Title:
Method of retrieving a travel transaction record and an image of its supporting documentation
Kind Code:
A1


Abstract:
The present invention is a computer-implemented method of retrieving raw data from a database that stores data pertaining to multiple travel transaction records and travel documents. That is, the raw data stored in the database includes the information found on a travel document. A summary of the travel transaction record is based on information in the supporting documents. The computer implemented method includes the step of retrieving the raw data and dynamically creating a summary of a travel transaction record concerning all related documents. Moreover, the computer-implemented method further includes the step of dynamically creating a document image of such supporting documentation using the raw data stored in the database.



Inventors:
Plum, Christopher (Natural Bridge, VA, US)
Dubois, Michael (Tampa, FL, US)
Polk, Wayne (Riverview, FL, US)
Diskin, Mark (Tampa, FL, US)
Briggs, Rebecca (Crestwood, KY, US)
Berndt, Bruce (Fairfax, VA, US)
Venzke, Keith (Falls Church, VA, US)
Cooper, Tom (Tampa, FL, US)
Application Number:
10/283906
Publication Date:
05/06/2004
Filing Date:
10/30/2002
Assignee:
PLUM CHRISTOPHER
DUBOIS MICHAEL
POLK WAYNE
DISKIN MARK
BRIGGS REBECCA
BERNDT BRUCE
VENZKE KEITH
COOPER TOM
Primary Class:
Other Classes:
705/1.1, 726/5, 726/28
International Classes:
G06Q10/02; G06Q10/10; G06Q50/14; (IPC1-7): G06F17/60; H04L9/00
View Patent Images:
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Primary Examiner:
FISHER, PAUL R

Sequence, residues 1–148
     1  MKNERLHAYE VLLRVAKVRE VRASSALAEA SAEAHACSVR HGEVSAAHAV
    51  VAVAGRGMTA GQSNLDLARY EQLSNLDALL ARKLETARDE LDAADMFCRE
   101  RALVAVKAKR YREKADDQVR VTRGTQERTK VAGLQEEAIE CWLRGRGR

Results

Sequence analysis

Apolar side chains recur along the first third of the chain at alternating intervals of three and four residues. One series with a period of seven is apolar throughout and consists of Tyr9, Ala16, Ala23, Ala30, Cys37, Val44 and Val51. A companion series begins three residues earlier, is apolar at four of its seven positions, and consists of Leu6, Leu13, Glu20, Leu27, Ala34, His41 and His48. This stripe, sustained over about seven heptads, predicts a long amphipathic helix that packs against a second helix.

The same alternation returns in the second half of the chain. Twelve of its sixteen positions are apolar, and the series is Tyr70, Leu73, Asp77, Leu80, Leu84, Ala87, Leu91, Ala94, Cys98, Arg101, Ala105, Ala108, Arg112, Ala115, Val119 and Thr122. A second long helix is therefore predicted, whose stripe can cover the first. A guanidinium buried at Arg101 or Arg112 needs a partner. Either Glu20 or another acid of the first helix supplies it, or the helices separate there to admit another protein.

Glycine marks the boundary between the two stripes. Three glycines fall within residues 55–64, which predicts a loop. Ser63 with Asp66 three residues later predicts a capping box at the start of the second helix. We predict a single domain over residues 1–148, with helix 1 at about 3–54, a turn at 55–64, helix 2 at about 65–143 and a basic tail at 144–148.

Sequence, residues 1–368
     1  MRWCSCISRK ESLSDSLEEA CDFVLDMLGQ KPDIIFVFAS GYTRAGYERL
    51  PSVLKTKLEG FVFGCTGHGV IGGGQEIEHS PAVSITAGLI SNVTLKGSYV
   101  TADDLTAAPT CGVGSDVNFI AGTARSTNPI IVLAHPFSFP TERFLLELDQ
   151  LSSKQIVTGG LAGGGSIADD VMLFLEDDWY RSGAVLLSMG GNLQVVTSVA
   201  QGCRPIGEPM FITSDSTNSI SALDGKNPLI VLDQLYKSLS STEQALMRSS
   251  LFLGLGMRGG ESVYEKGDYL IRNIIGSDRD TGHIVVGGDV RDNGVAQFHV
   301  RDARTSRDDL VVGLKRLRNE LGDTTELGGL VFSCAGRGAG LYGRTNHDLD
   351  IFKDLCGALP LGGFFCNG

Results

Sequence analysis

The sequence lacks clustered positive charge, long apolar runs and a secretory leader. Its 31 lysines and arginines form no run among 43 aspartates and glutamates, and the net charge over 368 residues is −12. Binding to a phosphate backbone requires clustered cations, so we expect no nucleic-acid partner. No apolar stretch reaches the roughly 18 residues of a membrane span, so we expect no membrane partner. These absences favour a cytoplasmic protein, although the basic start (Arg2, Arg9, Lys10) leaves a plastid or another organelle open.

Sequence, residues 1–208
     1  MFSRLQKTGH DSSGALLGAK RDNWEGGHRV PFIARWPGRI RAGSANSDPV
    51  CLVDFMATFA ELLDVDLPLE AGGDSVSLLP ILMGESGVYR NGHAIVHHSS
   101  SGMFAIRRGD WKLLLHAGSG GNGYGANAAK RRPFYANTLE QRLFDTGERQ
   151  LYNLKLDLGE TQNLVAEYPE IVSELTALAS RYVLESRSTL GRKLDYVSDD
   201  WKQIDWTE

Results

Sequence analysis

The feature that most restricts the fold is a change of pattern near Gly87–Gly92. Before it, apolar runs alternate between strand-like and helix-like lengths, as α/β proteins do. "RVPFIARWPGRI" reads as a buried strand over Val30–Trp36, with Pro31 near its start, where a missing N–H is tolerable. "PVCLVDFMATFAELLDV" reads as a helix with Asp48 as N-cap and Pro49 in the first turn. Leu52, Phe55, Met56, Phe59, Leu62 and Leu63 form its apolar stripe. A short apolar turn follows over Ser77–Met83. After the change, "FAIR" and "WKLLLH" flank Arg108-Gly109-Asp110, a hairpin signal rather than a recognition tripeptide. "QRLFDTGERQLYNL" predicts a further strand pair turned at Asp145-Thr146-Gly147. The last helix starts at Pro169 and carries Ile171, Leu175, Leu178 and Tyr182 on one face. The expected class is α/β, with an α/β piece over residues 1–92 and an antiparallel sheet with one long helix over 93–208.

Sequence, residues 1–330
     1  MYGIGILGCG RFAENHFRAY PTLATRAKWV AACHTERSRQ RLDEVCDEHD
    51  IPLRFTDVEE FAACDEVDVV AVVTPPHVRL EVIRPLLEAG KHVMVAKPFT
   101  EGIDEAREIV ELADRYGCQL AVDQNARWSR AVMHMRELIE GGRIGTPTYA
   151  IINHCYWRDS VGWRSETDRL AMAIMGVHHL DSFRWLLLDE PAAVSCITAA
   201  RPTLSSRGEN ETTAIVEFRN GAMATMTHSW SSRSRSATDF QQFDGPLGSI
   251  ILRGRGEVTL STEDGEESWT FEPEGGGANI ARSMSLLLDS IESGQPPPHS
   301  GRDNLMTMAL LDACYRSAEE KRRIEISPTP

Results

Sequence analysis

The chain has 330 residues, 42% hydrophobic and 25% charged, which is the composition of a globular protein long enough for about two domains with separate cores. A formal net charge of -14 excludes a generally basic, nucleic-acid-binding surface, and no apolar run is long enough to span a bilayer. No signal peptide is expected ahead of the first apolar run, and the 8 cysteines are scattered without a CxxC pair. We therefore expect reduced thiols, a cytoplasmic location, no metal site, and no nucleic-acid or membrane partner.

Attorney, Agent or Firm:
Blaney Harper, Esq. (Washington, DC, US)
Claims:

What is claimed is:



1. A computer-implemented method of retrieving a document image of a travel document, the method comprising the steps of: (a) establishing communication with a server computer through a network of computers, wherein said server computer communicates with a database that hosts data corresponding to travel documents; (b) requesting from said server computer a summary of a travel transaction record; (c) receiving from said server computer said summary of said travel transaction record; (d) requesting from said server computer a document image of a travel document corresponding to said travel transaction record; and (e) receiving said document image of said travel document from said server computer.

2. The method of claim 1 wherein the step of establishing communication with a server computer through a network of computers comprises the step of sending login information to said server computer.

3. The method of claim 1 wherein the step of requesting from said server computer a summary of a travel transaction record comprises the step of sending a search request to said server computer.

4. The method of claim 3 wherein said search request comprises a document number.

5. The method of claim 3 wherein said search request comprises an ARC number and a Period End Date.

6. The method of claim 1 wherein the step of requesting a document image of said travel transaction record comprises the step of selecting a data field in said summary of said travel transaction record.

7. The method of claim 6 wherein the step of selecting a data field comprising the step of clicking said data field.

8. The method of claim 1 further comprising the step of printing a copy of said document image.

9. The method of claim 1 wherein said network of computers is the Internet.

10. The method of claim 1 wherein said network of computers is the World Wide Web.

11. A system for retrieving a document image of a travel document, the system comprising: (a) a memory; (b) computer readable program code stored on said memory, said computer readable program code comprising instructions for: (i) receiving a request from a client computer for a travel document; (ii) retrieving from a database data corresponding to said travel document; (iii) creating a document image of said travel document using said data; and (iv) sending said document image of said travel document to said client computer; and (c) a central processor coupled to said memory, wherein said central processor executes said instructions of said computer readable program code.